Coordinating Agency Chaos with Less Stress is Possible: Tips for Agency Project Managers, aka Chaos Coordinators

The formal definition of a project manager is usually something like, ‘an individual responsible for planning, organizing, managing and executing agency projects from beginning to end. They manage deadlines, client objectives, resource management and budgets.

But I’ve never felt that this description fully encompasses the many hats a successful project manager is expected to wear. 

You’re expected to balance a project’s scope, time and costs while keeping both your client and your team happy. You’re trying to meet objective goals by submitting completely subjective deliverables. 

You’re the translator between the client’s needs and expectations and your creative team and vice versa. You’re a project’s knowledge bank, ready to respond to any question thrown at you by your client, creative team or agency leadership.

You are your team’s sword and shield. You fight for their ideas when necessary, push back on unreasonable client requests to protect their time and well-being and shield them from any chaos so they can stay focused on the work they need to do. You may also play therapist if the agency receives negative feedback on their work. You might even need to pull out your cheerleading pompoms to motivate and build your team back up after setbacks.

I often say that project managers should actually be called agency Chaos Coordinators. So how can you coordinate the chaos in your agency without getting lost in it yourself?

Don’t Be That Project Manager.

There are two kinds of bad project managers. The first kind is completely emotionally detached. While project management is about managing timelines, budgets and deliverables, it’s also about managing people and their feelings. If you’re disconnected from the human experience of a project, you can’t make the nuanced decisions needed on a project.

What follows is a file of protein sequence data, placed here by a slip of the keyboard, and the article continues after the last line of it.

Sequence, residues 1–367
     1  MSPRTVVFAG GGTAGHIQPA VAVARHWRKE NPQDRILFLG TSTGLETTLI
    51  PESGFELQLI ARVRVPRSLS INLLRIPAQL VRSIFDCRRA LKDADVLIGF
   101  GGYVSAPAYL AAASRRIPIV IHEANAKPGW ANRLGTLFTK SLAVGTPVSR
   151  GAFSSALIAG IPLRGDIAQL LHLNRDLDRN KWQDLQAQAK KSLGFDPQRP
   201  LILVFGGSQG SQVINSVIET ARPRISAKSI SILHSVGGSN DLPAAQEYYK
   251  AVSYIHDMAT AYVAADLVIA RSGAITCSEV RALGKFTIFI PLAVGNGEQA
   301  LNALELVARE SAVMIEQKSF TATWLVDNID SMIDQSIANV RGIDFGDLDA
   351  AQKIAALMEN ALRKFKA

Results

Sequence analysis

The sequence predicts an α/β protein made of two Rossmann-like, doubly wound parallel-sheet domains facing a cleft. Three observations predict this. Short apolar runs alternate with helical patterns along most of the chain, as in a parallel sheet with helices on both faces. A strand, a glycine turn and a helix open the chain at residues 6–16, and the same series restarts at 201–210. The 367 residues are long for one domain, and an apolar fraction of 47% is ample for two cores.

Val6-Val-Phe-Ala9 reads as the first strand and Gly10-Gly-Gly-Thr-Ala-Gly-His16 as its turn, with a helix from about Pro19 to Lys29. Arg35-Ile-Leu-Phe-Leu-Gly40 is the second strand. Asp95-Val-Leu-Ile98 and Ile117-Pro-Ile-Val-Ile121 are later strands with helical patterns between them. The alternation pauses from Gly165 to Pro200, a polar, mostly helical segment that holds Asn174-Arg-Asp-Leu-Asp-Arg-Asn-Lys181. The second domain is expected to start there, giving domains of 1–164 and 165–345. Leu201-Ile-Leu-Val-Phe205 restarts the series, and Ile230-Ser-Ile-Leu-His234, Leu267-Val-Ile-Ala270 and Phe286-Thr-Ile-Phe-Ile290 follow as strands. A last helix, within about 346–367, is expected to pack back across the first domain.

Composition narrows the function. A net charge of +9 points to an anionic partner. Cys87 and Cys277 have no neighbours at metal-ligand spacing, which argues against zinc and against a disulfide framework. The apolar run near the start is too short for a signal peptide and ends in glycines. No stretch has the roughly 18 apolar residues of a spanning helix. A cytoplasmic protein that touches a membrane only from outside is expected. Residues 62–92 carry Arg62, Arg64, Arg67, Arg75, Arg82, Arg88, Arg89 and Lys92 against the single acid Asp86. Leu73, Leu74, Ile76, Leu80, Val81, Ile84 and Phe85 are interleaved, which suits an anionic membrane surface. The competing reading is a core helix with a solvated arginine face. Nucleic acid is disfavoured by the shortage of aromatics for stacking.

The second kind of bad project manager is so emotionally invested in the project they don’t have the perspective needed to make good decisions or effectively lead their team. Project managers that get too emotionally attached to a project make impulsive decisions when issues arise. They lose sight of the big picture, get overwhelmed by the details and often end up burnt out.

Find A Balance Between Emotional Investment And Attachment

A good agency project manager keeps both the logistical and human elements of a project in perspective. They balance people’s feelings with objective decision-making. The best project managers I work with understand when it’s time to invest emotionally in a project and when to maintain a level of detachment.